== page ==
I don’t really understand why many cyclists use turbo trainers in the winter. I can’t stand mine for longer than an hour at a time, so it’s only really any use for intervals. I’ve spent the winter riding for long periods and building a base – if I rode for 4 hours on an indoor trainer, sheltered from the bad weather or not, I’d probably curl up and die of utter boredom. When it gets to this time of year I find it really useful for doing the stuff that you just can’t do on the road without risking getting run over by a bus whilst your lungs try to eject themselves through your chest, your throat starts to bleed and your eyes fill with sweat. Ok, it’s not quite that bad 😉


Anyway, I’ve started using the torture machine again for the first time in months. I completed a relatively short interval session on it at the weekend and it came as a bit of a shock. Hopefully it’ll get “easier” thus allowing me to do longer sessions. I’ve also started to do more hill repeats – last night’s road ride consisted of a hilly 35 mile warm-up followed by some repeats on the horrible northern side of the hill at Affetside.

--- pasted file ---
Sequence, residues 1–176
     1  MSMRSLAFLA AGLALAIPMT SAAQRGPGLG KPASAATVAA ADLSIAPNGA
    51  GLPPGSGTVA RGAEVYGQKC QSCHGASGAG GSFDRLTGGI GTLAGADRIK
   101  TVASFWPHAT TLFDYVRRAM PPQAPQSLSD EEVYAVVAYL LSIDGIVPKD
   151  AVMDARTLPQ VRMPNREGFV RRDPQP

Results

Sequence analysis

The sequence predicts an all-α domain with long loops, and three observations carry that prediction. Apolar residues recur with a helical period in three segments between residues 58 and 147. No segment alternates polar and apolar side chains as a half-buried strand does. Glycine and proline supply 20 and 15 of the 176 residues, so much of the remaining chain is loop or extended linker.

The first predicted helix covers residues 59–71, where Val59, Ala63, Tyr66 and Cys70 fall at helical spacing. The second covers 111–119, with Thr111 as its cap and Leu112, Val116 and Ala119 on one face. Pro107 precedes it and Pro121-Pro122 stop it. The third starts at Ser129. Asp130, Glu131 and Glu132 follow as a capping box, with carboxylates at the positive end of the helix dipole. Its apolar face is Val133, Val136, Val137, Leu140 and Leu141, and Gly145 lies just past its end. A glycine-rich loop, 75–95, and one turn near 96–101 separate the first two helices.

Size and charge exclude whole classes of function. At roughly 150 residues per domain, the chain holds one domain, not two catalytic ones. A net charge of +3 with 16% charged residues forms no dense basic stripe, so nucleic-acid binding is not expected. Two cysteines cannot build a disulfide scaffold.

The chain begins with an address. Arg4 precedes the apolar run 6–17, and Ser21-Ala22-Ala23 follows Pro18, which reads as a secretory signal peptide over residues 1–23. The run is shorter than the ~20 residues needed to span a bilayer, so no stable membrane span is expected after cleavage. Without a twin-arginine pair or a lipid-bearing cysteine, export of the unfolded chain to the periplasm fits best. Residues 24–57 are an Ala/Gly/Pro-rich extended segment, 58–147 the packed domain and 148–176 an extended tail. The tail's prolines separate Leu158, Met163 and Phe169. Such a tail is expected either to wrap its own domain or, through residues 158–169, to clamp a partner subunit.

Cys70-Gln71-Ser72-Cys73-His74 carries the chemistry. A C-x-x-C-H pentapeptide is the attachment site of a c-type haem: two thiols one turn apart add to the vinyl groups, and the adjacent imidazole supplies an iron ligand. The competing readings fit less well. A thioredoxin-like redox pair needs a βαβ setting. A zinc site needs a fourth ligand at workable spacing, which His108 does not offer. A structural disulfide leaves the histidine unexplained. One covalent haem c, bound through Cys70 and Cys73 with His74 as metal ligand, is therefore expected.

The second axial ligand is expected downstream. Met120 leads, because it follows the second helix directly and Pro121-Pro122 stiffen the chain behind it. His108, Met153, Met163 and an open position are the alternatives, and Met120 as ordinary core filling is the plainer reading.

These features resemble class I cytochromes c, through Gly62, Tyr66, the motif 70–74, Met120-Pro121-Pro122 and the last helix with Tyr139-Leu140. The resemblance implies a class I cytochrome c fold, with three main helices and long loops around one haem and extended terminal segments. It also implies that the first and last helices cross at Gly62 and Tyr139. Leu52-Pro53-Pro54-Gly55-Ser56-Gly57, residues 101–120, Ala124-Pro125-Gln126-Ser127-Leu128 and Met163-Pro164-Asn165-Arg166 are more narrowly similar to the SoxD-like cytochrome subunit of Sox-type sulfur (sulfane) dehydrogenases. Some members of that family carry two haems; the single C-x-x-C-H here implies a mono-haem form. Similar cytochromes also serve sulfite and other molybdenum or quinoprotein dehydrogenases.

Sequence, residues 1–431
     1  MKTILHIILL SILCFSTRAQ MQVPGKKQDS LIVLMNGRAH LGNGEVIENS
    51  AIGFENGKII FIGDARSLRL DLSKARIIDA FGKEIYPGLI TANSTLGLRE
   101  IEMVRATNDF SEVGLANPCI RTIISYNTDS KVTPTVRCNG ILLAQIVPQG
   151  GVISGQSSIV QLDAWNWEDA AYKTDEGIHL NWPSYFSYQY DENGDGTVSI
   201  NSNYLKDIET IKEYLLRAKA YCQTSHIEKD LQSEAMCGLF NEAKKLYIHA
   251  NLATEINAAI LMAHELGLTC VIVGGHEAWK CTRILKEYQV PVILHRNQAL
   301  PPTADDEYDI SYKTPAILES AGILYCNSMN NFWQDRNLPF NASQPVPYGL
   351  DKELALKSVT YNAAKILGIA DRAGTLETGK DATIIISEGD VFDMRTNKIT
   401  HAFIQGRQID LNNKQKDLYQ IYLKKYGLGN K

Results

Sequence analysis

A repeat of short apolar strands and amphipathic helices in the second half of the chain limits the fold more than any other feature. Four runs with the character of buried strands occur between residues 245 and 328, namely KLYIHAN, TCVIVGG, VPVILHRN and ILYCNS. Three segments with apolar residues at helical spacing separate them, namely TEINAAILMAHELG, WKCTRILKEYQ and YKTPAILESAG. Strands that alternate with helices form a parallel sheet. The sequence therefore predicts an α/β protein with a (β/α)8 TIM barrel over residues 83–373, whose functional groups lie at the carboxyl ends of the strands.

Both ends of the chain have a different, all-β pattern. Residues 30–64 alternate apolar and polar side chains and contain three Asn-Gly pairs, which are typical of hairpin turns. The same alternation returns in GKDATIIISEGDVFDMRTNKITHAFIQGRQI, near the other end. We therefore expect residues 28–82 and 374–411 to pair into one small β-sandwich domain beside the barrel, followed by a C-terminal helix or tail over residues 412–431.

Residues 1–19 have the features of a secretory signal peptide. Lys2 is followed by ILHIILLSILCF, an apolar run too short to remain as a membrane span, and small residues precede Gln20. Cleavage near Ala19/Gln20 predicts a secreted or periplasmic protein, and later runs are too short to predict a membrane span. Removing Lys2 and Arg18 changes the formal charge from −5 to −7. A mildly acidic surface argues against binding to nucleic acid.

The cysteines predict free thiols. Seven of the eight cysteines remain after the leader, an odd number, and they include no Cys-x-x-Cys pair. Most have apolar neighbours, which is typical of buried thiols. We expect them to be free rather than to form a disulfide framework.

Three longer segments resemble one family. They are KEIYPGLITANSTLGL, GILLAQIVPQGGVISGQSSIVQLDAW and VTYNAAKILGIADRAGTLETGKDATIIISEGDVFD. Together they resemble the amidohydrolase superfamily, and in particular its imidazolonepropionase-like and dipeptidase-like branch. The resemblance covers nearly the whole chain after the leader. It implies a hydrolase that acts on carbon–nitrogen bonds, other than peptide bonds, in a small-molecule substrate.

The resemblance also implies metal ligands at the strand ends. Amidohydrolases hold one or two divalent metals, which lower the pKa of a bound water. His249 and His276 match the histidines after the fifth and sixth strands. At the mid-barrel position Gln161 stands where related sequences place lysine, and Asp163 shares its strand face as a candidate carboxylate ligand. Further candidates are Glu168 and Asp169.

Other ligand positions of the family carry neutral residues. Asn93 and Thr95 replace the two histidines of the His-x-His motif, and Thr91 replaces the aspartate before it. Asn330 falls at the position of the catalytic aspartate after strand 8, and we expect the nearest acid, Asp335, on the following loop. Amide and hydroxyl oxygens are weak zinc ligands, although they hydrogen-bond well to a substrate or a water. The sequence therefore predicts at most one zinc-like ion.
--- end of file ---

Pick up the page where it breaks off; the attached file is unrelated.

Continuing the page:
The ride (not the reps) was good fun, despite getting another soaking and almost getting t-boned by a pillock who either didn’t realise I was doing 30mph or just wanted to scare me. I’m wearing orange and I’ve got a stupidly-bright LED on the front of the bike so he must have seen me. Eejit.

Observant readers will also notice the running and rowing mileage totals have been increasing too J


1 thought on “ooyaarbastad

  1. turbo trainers are the work of the devil, but as you say, are just about the safest way of practising the whole “flat out sprint” thing. Can’t say i’ve ever managed to make my throat bleed on one though, i’m presuming you’ve just stepped it up a notch. good work 😉

    oh: real men just suffer the miserable weather outside through the winter so, come summer, they have skin of leather and perfect 1000-yard stares

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